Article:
How many years does it take to be a registered nurse? Also: Registered Nurse vs. Nurse Anesthetist?

How many years does it take to be a registered nurse? Also: Registered Nurse vs. Nurse Anesthetist? Topic: How many years does it take to be a registered nurse? Also: Registered Nurse vs. Nurse Anesthetist?
December 12, 2019 / By Merilyn
Question: "How many years does it take to be a registered nurse?" Just flat out say the number is fine. Or what degrees in college you need to get, what you need to master in - anything like that? "Also: Registered Nurse vs. Nurse Anesthetist?" Years of college. Average salary. Pros and Cons. Thanks a bunch (: About me with this whole nurse situation: I'm looking to get be a nurse. So far I had planned to become just a plain registered nurse. Recently I'm researching more on that and I found more and more websites that are getting me confused. I didn't think that the proccess of getting to be a registered nurse would take over 4-5 years of college. Some sites on the net are saying up to 8 years, etc. I think that the average salary for a registered nurse - which is around 60,000 a year - is fine. But I had just found out about Nurse Anesthetists. I realize that being a Nurse Anesthetist may take at least 7 years of college, but comparing to a Registered Nurse (continued) is it worth it to take however many years of college it takes to be a registered nurse rather than a Nurse Anethetist? Like - does the years of college even out with the salary? Meaning, for example. If it took 4 years of college to be an RN and they make about 60K per year, and 8 years of college they would make about 120,000K per year. Then that means it would pretty much even out. If this makes no sense to you at all, then it's fine, I don't really expect anyone to understand (don't mind me, I'm more of a crazy weirdo thinker, sorry). Also, I don't think I will be able to afford 7 years of college, so, I just want to know if it's worth paying for just being an RN. Another thing, I do realize that many people say it depends on where you live and where you work in the hospital as an RN to determine your salary. But I just want to know the AVERAGE payment please.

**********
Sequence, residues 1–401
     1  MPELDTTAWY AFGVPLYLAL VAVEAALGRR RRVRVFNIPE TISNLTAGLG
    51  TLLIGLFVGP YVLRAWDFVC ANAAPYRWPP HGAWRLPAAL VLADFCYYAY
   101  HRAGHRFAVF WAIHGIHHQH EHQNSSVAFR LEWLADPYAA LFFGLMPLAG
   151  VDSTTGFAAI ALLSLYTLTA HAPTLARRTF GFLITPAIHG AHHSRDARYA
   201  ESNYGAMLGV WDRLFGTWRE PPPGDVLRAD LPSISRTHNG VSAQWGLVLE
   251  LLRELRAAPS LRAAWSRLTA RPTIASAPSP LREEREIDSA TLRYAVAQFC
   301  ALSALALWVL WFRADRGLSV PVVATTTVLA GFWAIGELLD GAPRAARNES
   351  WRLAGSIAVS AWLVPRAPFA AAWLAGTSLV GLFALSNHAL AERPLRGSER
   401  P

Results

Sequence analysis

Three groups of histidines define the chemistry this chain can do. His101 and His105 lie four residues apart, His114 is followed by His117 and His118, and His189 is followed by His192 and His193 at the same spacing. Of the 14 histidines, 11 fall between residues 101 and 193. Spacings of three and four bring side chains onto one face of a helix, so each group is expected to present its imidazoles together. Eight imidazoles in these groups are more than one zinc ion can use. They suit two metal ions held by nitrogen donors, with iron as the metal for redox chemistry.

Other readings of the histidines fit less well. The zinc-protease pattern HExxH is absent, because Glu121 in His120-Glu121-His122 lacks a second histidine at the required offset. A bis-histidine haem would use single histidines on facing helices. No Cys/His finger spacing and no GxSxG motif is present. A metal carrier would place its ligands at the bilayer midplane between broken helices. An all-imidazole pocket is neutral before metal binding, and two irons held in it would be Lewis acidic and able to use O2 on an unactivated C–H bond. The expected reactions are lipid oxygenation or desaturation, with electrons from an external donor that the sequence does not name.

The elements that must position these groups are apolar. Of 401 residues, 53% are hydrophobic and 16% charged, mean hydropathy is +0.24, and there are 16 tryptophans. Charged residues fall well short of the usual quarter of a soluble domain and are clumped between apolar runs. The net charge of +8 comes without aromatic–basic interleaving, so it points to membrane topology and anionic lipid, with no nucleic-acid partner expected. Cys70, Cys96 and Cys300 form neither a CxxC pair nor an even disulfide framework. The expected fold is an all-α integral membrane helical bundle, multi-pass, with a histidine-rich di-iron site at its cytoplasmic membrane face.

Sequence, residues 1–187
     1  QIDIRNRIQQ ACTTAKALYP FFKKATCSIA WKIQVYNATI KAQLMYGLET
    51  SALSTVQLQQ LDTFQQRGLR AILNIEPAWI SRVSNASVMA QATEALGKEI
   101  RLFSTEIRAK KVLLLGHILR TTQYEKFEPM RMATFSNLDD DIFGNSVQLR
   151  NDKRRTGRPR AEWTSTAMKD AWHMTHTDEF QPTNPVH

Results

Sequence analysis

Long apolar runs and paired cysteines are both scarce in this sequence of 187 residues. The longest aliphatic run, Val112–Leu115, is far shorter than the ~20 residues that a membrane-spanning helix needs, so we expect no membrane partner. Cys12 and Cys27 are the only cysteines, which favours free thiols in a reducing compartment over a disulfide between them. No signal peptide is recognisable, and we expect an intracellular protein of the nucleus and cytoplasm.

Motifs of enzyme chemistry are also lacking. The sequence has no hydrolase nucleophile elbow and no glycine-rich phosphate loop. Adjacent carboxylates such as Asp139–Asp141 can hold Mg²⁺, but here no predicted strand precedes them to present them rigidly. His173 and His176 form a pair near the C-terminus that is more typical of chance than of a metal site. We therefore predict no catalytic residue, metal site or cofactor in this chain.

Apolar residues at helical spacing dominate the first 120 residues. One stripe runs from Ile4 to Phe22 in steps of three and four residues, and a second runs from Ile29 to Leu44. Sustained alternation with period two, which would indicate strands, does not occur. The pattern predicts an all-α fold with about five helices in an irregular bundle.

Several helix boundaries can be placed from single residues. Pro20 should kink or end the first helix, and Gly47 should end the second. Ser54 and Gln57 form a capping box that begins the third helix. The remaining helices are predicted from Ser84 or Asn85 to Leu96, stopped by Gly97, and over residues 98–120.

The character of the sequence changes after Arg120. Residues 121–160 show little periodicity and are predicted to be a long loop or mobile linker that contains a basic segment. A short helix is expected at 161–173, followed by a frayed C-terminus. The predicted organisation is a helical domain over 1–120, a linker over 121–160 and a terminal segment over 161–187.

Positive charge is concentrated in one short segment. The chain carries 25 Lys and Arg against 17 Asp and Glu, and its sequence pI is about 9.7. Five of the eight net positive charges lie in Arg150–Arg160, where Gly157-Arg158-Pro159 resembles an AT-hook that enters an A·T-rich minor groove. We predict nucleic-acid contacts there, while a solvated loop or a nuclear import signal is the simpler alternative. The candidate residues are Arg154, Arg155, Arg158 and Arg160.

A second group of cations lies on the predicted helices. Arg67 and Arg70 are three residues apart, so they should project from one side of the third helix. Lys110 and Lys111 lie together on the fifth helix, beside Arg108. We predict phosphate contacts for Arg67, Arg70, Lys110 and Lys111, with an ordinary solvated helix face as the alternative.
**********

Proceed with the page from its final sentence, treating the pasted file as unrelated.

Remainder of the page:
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Best Answers: How many years does it take to be a registered nurse? Also: Registered Nurse vs. Nurse Anesthetist?

Leonore Leonore | 5 days ago